And fear not. No matter how bleak it might look, the rut will come … and soon.
P.S. By the facebook posts to which I returned and from what we saw on trailers in Alberta … the elk rut peaked in many places in the last 10 days. Big bulls were stacking up like cordwood. Congrats on a great season to the elk archers!
Luke Hartle, Senior Editor North American Hunter:
Things continue to be slow across the upper Midwest if you’re a bowhunter looking to tag a mature buck. Don’t get me wrong—it can be done—but from Wisconsin through the Dakotas, the reports I’ve been getting have been dismal.
Interesting to note, however, is that multiple reports have been filing in of heightened mature doe use of food plots. The first few weeks of the season produced lots of young bucks and fawns, but a recent shift has brought more does and less of everything else to the food plots. What does this mean? I’m not sure, but it’s been widespread enough to be noteworthy.
So, while you’re waiting for the lull of early October to pass, now is an excellent time to put a meat doe in the freezer. And be patient, my fellow venatic addicts! The rut stand you hung months ago are only a few short weeks from getting hot.
Keep your nose to the wind.
Brett Miller, Online Hunting Editor at NBCSports.com:
As I stated earlier I saw two little bucks feeling their oats this past weekend, but that doesn’t mean the rut is here. Bucks and does will show their dominance all year round, I think this was just a combination of having a real set of antlers and one buck trying to show off. In a few weeks those bucks will get their butts whipped by the real bucks that should do most of the breeding. The deer aren’t ready for the rut yet as I’m seeing almost all of the does still with their fawns and some bucks still hanging out though most of them are only seen at night.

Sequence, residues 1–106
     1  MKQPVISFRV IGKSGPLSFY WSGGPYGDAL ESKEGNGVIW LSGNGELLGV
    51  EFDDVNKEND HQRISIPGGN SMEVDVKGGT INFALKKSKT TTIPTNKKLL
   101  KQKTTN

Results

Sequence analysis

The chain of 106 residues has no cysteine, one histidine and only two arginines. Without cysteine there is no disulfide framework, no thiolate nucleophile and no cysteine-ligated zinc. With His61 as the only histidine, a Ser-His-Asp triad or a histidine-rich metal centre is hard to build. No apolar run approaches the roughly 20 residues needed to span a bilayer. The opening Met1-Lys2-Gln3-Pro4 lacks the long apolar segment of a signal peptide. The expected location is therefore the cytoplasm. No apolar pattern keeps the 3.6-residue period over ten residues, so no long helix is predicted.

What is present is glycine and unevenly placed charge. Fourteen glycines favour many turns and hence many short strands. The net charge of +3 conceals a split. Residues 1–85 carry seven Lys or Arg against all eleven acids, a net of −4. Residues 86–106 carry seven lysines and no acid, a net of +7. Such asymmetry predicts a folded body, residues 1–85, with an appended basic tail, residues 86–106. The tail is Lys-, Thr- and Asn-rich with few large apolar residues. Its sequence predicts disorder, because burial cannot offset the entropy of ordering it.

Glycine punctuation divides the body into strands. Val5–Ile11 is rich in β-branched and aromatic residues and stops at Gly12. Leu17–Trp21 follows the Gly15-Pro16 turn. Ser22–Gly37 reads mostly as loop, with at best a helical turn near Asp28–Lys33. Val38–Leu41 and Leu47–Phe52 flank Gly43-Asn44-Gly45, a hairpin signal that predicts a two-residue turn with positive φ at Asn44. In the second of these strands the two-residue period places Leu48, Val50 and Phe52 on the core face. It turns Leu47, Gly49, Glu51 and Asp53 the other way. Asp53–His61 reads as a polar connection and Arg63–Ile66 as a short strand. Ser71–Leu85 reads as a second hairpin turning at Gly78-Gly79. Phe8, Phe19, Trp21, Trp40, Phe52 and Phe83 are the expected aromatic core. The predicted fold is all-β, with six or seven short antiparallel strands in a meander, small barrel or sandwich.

If you’re out hunting right now try some light rattling, just tickle the antlers together and sound like a pair of bucks who are testing each other out still. Go easy on the scents right now, a little buck scent will go a long ways, and if you don’t have does in estrous yet refrain from using any hot doe scent as it may spook more than it will draw in. Wait until you see does by themselves and or fawns running around by themselves before you start using the doe in heat scents. Does usually kick their fawns out when they’re ready to be bread. If you’re looking for a doe to shoot use your binoculars on “her” head. That lone doe might really be a button buck wandering around, and could be a trophy of a lifetime in a few years. Good luck out there and be sure to share your photos with us all.